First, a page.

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Adventures in marriage: Grocery shopping

By on May 3, 2008

photo by osbock
pickled bologna
My husband and I grocery shopped together for years. We weren’t the happy, hand-holding-while-shopping couple. No. We were more likely to be the couple circling the parking lot forever to find a close spot and having the great debate in Aisle 4 over which cereal to buy. Sometimes he even went as far as to replace items I’d put in the cart with items he thought were better. I’d get home and swear I had bought Italian bread only to find a loaf of fat-free wheat bread. I refer to this as one of the “what is this?” post-shopping moments.

Every trip consisted of my husband wandering off, and I’d spend 20 minutes tracking him down. And he had the nerve to imply that it was I who had wandered off. Ha! I don’t know why we shopped together, but it might have had something to do with the fact that I despise grocery shopping, or any shopping, for that matter. I felt better knowing he was sharing my misery.

Once we had children, our shared shopping ended. It became my responsibility, and one I’d sometimes do anything to escape. I’ve even faked a sudden case of bad ham-itus to stay home. I’m fine once I’m there, and it’s no big deal. But I have a low threshold for some of my fellow shoppers. When they stop in the middle of an aisle for what seems like an eternity, I sometimes imagine popping them in the head with a kiwi. Move it already, people!

My sweet husband sometimes offers to do the shopping. He requests only that I create the shopping list. Sounds like a good plan, right? Wrong! First off, doesn’t he live here, too? Surely, after 10 years of marriage, he knows what we eat, right? I’m not sure what happens when you send your spouse to the grocery store, but I can share what happens when I do. Pickled bologna is what happens! Pickled bologna is how I refer to the first time he bought something that was not on the shopping list. He had never tried bologna in a jar before and never actually ate it after buying it. That unopened jar of stink meat sat in the refrigerator, staring at me, like some sort of science experiment for months before I finally couldn’t take it anymore and tossed it out.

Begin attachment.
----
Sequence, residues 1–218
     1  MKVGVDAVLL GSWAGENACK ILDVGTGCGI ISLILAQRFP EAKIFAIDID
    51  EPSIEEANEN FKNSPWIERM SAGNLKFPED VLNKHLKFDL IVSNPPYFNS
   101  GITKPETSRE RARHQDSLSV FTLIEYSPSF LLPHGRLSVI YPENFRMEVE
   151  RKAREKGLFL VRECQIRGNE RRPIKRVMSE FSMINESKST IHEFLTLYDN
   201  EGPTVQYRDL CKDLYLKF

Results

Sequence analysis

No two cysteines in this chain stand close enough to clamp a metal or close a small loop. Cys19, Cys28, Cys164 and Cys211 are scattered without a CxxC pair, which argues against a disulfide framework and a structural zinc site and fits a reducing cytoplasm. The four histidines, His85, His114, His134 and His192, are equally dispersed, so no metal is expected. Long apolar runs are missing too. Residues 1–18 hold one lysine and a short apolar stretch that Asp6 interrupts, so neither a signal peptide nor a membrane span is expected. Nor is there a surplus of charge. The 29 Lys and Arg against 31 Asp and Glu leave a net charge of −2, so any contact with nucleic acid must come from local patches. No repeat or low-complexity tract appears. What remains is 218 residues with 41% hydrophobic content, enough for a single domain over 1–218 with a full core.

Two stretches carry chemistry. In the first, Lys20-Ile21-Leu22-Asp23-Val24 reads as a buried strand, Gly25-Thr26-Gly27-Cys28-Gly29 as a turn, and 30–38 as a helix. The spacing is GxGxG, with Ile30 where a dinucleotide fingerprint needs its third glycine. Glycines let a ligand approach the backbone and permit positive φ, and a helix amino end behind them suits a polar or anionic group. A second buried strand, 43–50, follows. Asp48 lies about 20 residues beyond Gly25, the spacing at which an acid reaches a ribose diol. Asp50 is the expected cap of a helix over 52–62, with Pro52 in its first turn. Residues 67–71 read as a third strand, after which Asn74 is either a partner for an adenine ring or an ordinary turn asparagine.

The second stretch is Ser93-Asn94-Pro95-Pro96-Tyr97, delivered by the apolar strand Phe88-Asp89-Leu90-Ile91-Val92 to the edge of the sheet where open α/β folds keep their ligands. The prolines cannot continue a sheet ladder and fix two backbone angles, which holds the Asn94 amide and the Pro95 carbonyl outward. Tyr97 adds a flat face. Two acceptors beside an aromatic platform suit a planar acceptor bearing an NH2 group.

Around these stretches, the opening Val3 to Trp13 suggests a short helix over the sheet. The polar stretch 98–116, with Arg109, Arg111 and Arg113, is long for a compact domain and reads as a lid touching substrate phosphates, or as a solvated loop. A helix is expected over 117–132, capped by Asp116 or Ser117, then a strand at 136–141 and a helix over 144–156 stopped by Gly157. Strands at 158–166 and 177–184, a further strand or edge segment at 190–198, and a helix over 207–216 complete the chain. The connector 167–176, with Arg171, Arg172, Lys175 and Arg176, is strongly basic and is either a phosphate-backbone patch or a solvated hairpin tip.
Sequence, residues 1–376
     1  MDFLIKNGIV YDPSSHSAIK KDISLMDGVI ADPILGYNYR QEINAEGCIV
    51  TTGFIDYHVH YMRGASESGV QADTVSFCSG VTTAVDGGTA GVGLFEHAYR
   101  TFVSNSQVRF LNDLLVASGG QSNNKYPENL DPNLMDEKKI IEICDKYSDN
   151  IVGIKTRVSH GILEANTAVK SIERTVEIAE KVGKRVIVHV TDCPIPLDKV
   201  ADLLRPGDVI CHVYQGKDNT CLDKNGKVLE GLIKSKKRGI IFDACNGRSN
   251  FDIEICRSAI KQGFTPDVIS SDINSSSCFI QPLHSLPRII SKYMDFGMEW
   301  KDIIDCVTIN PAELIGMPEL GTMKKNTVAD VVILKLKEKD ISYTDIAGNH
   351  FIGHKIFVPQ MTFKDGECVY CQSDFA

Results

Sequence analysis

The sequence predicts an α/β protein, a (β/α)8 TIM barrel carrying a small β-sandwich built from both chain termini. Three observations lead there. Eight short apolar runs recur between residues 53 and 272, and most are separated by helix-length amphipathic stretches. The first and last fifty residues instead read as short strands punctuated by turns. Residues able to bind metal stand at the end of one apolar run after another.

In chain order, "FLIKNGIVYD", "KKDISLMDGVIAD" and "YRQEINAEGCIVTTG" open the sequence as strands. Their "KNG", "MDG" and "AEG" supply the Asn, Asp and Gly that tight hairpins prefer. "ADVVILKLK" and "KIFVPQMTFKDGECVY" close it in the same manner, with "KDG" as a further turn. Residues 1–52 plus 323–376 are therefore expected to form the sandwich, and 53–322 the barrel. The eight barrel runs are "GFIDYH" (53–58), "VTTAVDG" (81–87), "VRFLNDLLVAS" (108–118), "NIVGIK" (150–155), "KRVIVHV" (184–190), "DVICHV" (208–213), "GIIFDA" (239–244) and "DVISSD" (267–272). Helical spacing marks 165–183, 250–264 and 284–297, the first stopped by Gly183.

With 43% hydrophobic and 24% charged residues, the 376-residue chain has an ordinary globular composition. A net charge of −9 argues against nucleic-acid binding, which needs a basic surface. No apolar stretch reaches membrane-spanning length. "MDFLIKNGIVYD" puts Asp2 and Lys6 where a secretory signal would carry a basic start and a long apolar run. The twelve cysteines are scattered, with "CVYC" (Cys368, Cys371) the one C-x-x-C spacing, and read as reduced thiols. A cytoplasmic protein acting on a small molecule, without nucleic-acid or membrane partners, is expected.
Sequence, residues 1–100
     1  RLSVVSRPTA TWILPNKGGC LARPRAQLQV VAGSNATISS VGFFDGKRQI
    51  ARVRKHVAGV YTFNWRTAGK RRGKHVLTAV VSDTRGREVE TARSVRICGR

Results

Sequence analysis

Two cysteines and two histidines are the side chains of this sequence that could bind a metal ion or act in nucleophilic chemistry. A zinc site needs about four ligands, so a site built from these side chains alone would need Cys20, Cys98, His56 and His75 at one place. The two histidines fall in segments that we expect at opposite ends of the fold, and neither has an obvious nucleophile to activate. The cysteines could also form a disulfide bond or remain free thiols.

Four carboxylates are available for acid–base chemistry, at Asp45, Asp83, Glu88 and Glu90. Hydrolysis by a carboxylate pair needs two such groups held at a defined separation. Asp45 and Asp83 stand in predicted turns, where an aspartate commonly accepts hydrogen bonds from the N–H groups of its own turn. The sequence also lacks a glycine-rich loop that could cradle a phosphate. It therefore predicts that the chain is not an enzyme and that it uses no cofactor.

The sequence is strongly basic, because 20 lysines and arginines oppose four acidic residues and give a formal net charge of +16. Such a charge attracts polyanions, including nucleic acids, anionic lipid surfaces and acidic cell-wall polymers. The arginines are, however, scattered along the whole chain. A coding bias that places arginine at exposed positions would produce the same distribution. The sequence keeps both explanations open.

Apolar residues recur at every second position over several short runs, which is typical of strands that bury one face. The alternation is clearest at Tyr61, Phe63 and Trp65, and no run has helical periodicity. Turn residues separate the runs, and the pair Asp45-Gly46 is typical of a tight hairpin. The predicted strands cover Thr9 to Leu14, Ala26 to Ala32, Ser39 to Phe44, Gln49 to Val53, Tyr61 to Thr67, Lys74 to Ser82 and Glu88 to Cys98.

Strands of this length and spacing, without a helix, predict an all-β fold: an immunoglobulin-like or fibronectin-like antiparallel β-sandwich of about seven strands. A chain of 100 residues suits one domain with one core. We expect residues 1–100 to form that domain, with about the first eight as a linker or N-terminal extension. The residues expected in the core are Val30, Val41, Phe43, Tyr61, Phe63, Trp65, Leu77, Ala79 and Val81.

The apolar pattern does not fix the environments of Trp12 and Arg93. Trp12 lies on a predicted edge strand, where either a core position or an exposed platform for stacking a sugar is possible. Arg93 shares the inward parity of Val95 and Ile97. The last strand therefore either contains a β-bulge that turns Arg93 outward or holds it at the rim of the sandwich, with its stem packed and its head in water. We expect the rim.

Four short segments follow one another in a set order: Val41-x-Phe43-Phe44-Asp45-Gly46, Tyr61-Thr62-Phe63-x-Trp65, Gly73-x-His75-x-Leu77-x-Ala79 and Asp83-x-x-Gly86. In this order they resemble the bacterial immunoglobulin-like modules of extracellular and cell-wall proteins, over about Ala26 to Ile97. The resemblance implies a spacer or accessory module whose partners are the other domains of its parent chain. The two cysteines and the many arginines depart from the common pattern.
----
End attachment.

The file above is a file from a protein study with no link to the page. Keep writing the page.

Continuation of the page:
I won’t get into what happens if I have coupons.

My poor husband. He has nothing but the best of intentions, and I am thankful that he sometimes does the shopping. I say this jokingly, but he can’t be trusted with the responsibility of food shopping. Maybe he does this on purpose? It’s his own version of bad ham-itus. The fact is, if the task were left entirely up to him, we’d be in the poorhouse on just his purchases of mega-jars of pickles. You don’t want to ever run out of dill pickles, right?

He’s a brilliant man, and I send him off so he can learn how to do something domestic other than make a good cup of coffee. If something ever happened to me, I wouldn’t want them all to starve. That, and because I want to be treated like the princess that I am.
That’s my story, and I’m sticking to it.

One Comment

  1. Sara Noel

    5/18/2008 at 1:12 pm

    I’ve been asked what bad ham-itus is. 😀
    Some people call in sick to work and claim they have food poisoning. They use excuses such as bad Chinese food or undercooked beef. It’s overused as an excuse so often that it’s not really believable. So instead of saying I have cramps 😉 I say must be bad ham. It’s a joke between my husband and I, so he knows when I really don’t want to do something. If there’s a social gathering coming up, I might say I feel a case of bad ham coming on. Same with if we’re already at a social gathering and I want to leave. I say I think I had some bad ham. Sometimes before having to do something neither of us want to, we’ll both in unison agree it’s a bad ham day.
    Silly stuff.

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